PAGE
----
Delany’s novels and stories have taken place in outer space and the future and other alien worlds. His plots are speculative: the race to harvest an energy source from the sun, the struggles of a libertarian society on one of Neptune’s moons, the plight of slaves in a pre-industrial world of magic and barbarism. But he does not believe that science fiction is the right genre for his concerns any more or less than another genre would be. “Nothing about the sonnet is perfect for the love poem, either,” he said. “Genre simply provides a way for the reader to look for things that have been done. A form is a useful thing to use. It has history and resonance. It informs you as to the way things have been done in the past.” In the preface to “A, B, C,” Delany writes that, “though the genre can suggest what you might need, it can never do the work for you.”

Link to the rest at The New Yorker

Dune, 50 years on: how a science fiction novel changed the world

5 July 2015

From The Guardian:

In 1959, if you were walking the sand dunes near Florence, Oregon, you might have encountered a burly, bearded extrovert, striding about in Ray-Ban Aviators and practical army surplus clothing. Frank Herbert, a freelance writer with a feeling for ecology, was researching a magazine story about a US Department of Agriculture programme to stabilise the shifting sands by introducing European beach grass. Pushed by strong winds off the Pacific, the dunes moved eastwards, burying everything in their path. Herbert hired a Cessna light aircraft to survey the scene from the air. “These waves [of sand] can be every bit as devastating as a tidal wave … they’ve even caused deaths,” he wrote in a pitch to his agent. Above all he was intrigued by the idea that it might be possible to engineer an ecosystem, to green a hostile desert landscape.

About to turn 40, Herbert had been a working writer since the age of 19, and his fortunes had always been patchy. After a hard childhood in a small coastal community near Tacoma, Washington, where his pleasures had been fishing and messing about in boats, he’d worked for various regional newspapers in the Pacific northwest and sold short stories to magazines. He’d had a relatively easy war, serving eight months as a naval photographer before receiving a medical discharge. More recently he’d spent a weird interlude in Washington as a speechwriter for a Republican senator. There (his only significant time living on the east coast) he attended the daily Army-McCarthy hearings, watching his distant relative senator Joseph McCarthy root out communism. Herbert was a quintessential product of the libertarian culture of the Pacific coast, self-reliant and distrustful of centralised authority, yet with a mile-wide streak of utopian futurism and a concomitant willingness to experiment. He was also chronically broke. During the period he wrote Dune, his wife Beverly Ann was the main bread-winner, her own writing career sidelined by a job producing advertising copy for department stores.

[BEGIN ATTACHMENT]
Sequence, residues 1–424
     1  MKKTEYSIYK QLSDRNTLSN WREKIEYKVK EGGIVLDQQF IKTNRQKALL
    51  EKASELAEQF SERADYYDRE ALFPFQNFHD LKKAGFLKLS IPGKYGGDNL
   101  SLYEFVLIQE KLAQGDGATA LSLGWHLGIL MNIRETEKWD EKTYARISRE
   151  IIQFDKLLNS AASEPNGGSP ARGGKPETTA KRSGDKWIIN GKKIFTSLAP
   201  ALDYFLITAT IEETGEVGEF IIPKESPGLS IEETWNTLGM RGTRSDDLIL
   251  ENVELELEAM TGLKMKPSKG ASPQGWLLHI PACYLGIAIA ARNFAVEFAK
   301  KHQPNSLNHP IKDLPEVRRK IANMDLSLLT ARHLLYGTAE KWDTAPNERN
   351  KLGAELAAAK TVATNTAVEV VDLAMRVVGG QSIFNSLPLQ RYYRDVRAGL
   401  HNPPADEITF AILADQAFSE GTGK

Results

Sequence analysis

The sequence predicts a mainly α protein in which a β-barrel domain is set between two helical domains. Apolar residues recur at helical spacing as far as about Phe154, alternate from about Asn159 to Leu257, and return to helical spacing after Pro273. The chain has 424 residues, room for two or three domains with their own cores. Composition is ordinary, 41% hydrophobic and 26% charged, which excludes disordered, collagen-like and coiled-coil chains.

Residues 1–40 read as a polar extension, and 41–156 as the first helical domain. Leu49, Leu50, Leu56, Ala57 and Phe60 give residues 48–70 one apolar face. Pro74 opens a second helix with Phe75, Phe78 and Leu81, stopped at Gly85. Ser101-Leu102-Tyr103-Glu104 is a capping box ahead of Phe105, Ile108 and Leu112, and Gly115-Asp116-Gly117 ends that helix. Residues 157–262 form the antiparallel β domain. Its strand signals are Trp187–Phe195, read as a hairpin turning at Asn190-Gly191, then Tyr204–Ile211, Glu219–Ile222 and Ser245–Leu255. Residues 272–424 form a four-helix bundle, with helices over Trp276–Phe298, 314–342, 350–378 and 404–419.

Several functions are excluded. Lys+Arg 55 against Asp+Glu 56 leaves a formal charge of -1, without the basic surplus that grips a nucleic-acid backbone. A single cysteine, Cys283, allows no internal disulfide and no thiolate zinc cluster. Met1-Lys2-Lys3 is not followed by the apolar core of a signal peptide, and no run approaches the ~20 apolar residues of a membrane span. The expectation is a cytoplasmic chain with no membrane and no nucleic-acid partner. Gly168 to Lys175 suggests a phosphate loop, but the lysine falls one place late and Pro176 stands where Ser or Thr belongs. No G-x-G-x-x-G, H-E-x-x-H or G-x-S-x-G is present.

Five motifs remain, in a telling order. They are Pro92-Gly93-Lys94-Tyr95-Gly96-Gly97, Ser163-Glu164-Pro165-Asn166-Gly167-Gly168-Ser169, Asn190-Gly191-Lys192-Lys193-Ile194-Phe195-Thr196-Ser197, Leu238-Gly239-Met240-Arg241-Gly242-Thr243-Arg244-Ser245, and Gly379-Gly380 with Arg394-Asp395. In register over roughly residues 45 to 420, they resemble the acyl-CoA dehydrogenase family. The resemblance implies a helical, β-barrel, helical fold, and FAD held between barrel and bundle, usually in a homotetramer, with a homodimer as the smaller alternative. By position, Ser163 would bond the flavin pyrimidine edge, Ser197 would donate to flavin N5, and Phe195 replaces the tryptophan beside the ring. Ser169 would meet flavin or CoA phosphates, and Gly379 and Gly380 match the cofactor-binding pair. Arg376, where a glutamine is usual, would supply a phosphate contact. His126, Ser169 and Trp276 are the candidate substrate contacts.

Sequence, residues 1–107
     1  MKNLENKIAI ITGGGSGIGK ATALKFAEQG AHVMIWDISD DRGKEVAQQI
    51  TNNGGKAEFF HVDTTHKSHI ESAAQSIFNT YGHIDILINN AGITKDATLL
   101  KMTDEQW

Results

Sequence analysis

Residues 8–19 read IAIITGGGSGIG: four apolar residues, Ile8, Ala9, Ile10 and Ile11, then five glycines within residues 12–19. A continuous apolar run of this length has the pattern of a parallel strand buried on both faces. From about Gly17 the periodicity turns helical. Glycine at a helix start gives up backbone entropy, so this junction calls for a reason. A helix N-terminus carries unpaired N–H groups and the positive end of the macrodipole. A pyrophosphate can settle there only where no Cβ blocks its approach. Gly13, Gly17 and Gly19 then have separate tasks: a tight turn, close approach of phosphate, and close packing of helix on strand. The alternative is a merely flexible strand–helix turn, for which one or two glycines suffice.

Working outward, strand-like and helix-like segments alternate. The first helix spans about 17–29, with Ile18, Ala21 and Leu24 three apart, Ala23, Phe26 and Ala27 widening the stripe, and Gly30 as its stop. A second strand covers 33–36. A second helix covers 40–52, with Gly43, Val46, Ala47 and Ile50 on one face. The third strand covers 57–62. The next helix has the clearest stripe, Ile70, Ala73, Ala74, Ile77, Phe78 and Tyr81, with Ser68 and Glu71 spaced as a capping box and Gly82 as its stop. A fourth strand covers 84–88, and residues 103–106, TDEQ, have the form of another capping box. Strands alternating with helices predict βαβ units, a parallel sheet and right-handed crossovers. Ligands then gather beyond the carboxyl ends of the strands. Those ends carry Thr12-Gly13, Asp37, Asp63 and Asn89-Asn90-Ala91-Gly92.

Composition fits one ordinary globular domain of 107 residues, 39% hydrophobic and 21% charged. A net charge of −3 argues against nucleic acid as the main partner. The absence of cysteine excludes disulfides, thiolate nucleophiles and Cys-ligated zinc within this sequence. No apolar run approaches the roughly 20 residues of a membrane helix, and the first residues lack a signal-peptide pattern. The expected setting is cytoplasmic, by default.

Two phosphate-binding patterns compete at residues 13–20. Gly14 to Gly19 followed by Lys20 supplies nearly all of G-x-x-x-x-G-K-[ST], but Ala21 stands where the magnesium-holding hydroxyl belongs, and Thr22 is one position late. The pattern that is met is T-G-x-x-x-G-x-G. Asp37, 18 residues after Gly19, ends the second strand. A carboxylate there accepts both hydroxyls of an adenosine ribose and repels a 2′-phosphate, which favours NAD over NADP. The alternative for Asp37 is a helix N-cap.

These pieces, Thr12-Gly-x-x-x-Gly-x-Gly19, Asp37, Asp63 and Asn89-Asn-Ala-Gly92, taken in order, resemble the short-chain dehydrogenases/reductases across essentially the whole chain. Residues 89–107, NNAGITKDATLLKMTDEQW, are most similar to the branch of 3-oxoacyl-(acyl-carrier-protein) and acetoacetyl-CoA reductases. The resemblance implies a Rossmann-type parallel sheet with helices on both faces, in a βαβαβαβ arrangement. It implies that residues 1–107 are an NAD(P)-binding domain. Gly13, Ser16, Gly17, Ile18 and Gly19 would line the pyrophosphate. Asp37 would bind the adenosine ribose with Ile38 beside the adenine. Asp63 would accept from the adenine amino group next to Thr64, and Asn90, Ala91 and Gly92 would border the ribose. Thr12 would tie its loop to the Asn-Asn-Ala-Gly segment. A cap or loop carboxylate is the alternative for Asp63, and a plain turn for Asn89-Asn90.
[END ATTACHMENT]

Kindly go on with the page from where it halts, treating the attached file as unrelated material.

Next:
. . . .

Dune (400 pages in its first hardcover edition, almost 900 in the paperback on my desk) was rejected by more than 20 houses before being accepted by Chilton, a Philadelphia operation known for trade and hobby magazines such as Motor Age, Jewelers’ Circular and the no-doubt-diverting Dry Goods Economist.

. . . .

Though Dune won the Nebula and Hugo awards, the two most prestigious science fiction prizes, it was not an overnight commercial success. Its fanbase built through the 60s and 70s, circulating in squats, communes, labs and studios, anywhere where the idea of global transformation seemed attractive. Fifty years later it is considered by many to be the greatest novel in the SF canon, and has sold in millions around the world.

. . . .

This setup owes something to the Mars stories of Edgar Rice Burroughs and Isaac Asimov’s Foundation books, as well as the tales written by Idaho-born food chemist Elmer Edward “Doc” Smith, creator of the popular Lensman space operas of the 1940s and 50s, in which eugenically bred heroes are initiated into a “galactic patrol” of psychically enhanced supercops. For Smith, altered states of consciousness were mainly tools for the whiteous and righteous to vaporise whole solar systems of subversives, aliens and others with undesirable traits. Herbert, by contrast, was no friend of big government. He had also taken peyote and read Jung. In 1960, a sailing buddy introduced him to the Zen thinkerAlan Watts, who was living on a houseboat in Sausalito. Long conversations with Watts, the main conduit by which Zen was permeating the west-coast counterculture, helped turn Herbert’s pacy adventure story into an exploration of temporality, the limits of personal identity and the mind’s relationship to the body.

Every fantasy reflects the place and time that produced it. If The Lord of the Rings is about the rise of fascism and the trauma of the second world war, and Game of Thrones, with its cynical realpolitik and cast of precarious, entrepreneurial characters is a fairytale of neoliberalism, then Dune is the paradigmatic fantasy of the Age of Aquarius. Its concerns – environmental stress, human potential, altered states of consciousness and the developing countries’ revolution against imperialism – are blended together into an era-defining vision of personal and cosmic transformation.

Link to the rest at The Guardian